But other solar projects are thriving amid a once-unthinkable green revolution in Saudi Arabia, the world's top oil producer, and the other Arab monarchies in the Persian Gulf.
The ambitious $560 billion Desertec project, launched in 2009 and largely German-led, envisioned a gigantic power-generating operation across Morocco's Sahara Desert using solar energy that would provide 15 percent of energy-hungry Europe's electricity by 2050 via cables under the Mediterranean, with plans to extend that further afield around the globe.
But this month the Desertec Foundation, funded by powerful European industrial corporations, and the Desertec Industrial Initiative disclosed their plans have fallen through because of conflict over the project's corporate governance and its strategic objectives.
There have been other setbacks. In 2012, Spain, the closest European state to the planned power grid in Morocco, balked at signing a declaration of intent to connect high-power voltage lines between Morocco and the rest of Europe.
Later, two of the biggest corporate backers of the project, industrial giant Siemens and Bosch, the world's largest auto parts supplier, backed out.
The German government's interest in the massive project began to wane amid the global economic downturn.
On top of all that, political upheaval triggered by the pro-democracy uprisings against dictatorial regimes across North Africa undermined the project and, officials observed, heightened the historical distrust among the region's Arab states.
The security crisis caused by the downfall of regimes in Tunisia, Egypt and Libya unnerved other backers amid the immense flow of arms across the region and a surge in operations by jihadist groups.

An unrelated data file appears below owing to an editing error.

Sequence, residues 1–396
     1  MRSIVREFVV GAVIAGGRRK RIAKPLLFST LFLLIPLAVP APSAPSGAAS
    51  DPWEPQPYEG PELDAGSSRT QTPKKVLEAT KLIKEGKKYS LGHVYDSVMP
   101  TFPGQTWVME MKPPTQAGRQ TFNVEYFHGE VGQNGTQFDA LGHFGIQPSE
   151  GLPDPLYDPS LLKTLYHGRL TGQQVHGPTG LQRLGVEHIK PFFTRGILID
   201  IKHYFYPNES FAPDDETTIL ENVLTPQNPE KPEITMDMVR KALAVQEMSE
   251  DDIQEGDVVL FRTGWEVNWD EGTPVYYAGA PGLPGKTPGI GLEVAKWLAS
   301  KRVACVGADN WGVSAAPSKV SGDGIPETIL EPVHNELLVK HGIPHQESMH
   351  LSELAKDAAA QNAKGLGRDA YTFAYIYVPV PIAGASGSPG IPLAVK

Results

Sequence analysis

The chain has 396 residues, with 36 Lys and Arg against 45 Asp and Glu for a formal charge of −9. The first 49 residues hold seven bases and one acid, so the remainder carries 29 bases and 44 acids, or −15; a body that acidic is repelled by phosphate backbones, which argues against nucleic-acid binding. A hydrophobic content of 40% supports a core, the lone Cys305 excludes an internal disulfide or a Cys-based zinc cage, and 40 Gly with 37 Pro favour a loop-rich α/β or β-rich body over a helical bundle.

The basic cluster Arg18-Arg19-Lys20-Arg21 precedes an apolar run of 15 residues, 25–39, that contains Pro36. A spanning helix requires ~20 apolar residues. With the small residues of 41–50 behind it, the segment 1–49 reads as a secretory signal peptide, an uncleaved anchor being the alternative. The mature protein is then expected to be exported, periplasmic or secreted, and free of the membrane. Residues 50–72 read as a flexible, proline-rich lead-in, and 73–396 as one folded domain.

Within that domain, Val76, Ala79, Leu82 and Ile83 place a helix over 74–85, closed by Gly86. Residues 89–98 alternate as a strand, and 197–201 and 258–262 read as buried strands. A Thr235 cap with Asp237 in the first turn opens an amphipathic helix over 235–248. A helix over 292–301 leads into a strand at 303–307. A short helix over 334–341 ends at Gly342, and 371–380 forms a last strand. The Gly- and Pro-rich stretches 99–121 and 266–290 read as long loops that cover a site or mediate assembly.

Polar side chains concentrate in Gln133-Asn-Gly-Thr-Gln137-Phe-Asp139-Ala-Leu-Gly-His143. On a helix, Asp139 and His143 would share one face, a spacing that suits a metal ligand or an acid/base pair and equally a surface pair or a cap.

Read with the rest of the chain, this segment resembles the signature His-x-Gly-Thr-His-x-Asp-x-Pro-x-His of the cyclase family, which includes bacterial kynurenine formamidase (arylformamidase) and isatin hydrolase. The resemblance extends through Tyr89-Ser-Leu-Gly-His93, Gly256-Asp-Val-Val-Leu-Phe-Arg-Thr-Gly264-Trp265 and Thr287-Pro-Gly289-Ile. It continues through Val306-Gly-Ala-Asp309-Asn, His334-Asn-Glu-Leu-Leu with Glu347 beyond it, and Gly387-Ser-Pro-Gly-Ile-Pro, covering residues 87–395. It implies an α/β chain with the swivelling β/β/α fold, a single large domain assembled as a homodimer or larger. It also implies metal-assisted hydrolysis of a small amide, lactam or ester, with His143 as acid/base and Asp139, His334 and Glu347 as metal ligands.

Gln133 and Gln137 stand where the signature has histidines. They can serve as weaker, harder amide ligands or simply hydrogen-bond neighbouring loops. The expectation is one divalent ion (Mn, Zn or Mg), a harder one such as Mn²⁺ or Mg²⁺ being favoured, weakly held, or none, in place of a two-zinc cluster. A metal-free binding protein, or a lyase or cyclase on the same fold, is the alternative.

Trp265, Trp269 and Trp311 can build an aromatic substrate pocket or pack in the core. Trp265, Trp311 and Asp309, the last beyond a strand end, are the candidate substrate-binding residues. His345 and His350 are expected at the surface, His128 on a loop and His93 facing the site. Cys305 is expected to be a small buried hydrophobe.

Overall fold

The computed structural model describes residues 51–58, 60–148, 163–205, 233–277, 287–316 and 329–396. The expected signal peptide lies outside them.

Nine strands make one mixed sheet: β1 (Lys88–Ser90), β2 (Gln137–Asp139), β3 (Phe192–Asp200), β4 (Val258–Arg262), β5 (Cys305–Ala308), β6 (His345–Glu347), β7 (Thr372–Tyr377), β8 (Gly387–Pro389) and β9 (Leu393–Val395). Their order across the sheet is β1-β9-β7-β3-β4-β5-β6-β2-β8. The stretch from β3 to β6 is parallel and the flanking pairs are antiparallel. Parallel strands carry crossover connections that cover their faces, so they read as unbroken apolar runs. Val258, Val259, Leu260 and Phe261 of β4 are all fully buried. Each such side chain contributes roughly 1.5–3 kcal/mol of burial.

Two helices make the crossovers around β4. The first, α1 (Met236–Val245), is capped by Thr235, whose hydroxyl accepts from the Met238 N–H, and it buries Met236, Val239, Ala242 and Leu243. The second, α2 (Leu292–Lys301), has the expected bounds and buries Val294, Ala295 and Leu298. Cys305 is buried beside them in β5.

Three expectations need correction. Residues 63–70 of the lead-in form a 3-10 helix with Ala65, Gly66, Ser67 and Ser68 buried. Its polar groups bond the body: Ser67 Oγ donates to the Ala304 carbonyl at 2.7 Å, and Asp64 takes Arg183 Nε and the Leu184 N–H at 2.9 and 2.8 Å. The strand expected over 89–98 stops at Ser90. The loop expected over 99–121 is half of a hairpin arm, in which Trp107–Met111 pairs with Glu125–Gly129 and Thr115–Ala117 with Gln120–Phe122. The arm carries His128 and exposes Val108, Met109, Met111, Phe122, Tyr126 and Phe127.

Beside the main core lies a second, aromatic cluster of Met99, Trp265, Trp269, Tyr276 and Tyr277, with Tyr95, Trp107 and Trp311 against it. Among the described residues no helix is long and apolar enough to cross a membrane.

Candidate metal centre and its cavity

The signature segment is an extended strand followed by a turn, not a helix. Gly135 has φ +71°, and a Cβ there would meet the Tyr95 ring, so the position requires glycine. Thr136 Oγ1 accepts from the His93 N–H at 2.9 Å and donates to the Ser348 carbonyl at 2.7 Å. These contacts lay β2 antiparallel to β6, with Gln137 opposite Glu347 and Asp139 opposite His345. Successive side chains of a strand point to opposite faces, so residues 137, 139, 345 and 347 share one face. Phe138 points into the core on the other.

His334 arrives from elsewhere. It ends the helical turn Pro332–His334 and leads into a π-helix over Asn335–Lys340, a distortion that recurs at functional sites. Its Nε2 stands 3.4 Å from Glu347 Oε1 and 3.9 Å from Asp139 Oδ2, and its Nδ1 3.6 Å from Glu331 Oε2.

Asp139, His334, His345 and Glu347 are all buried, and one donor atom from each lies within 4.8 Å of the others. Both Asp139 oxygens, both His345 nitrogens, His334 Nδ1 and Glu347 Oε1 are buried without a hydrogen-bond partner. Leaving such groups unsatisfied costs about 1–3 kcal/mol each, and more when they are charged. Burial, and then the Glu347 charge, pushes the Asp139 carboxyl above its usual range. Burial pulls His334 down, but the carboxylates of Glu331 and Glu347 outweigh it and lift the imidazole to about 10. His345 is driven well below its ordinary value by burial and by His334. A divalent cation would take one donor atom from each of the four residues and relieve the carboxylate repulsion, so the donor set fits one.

Klause Schmidtke, communications head of the Desertec Industrial Initiative, says: "We're not happy about the decision ... but it does not affect the realization of desert power in the Middle East or North Africa."
While interest in Europe ebbs, it's growing in the Persian Gulf where there's a wave of renewable projects, including solar power, under way and growing fast.
This is spreading across the entire Middle East and North Africa region, but the gulf monarchies have the funds -- generated, ironically by the production of oil and gas -- to make it happen.
So this is the main focus for solar projects. A major milestone was reached March 17, when Abu Dhabi, the oil-rich economic powerhouse of the United Arab Republics, began operating the Shams-1 solar project using arrays of photovoltaic panels that convert sunlight to electricity.
With a planned capacity of 100 megawatts, it's the biggest facility of its kind in the Middle East and is operated by Masdar, the state-owned renewable energy company.
At full capacity the desert facility, which covers the equivalent of nearly 300 football fields outside the Emirates capital, will be able to power 20,000 homes.
Other projects, including a 100MW photovoltaic plant called Nour-1 and a 30MW wind farm. By 2020, Abu Dhabi, which holds almost all of the Emirates' oil, plans to be able to generate 7 percent of its electrical power from renewable sources.
In nearby Dubai, the Emirates' financial hub, the government has awarded the first-phase construction contract to U.S.-based First Solar for a modest 13MW photovoltaic plant later this year.
"We're not like many other countries that are in desperate need for complimentary sources of power," said Sultan Ahmed al-Jaber, Masdar's chief executive. "We're looking at it from a strategic point of view. ... We want to become a technology player rather than an energy player."
Saudi Arabia, the world's largest crude oil exporter, is seeking about $100 billion in solar investments to generate one-third of its power, about 41,000MW, by 2032 to meet rising demand from a rapidly growing population and an expanding economy.
That will allow it to cut back on using oil for power generation and free it up for export. Under the region's most ambitious renewable program, the kingdom aims to save at least 523,000 barrels of oil equivalent a day in the next two decades.
The kingdom completed its biggest photovoltaic plant in January. Phoenix Solar AG of Germany developed a 3MW to 5MW plant at Riyadh, the Saudi capital, that uses 12,684 panels from China's Suntech Power Holdings.
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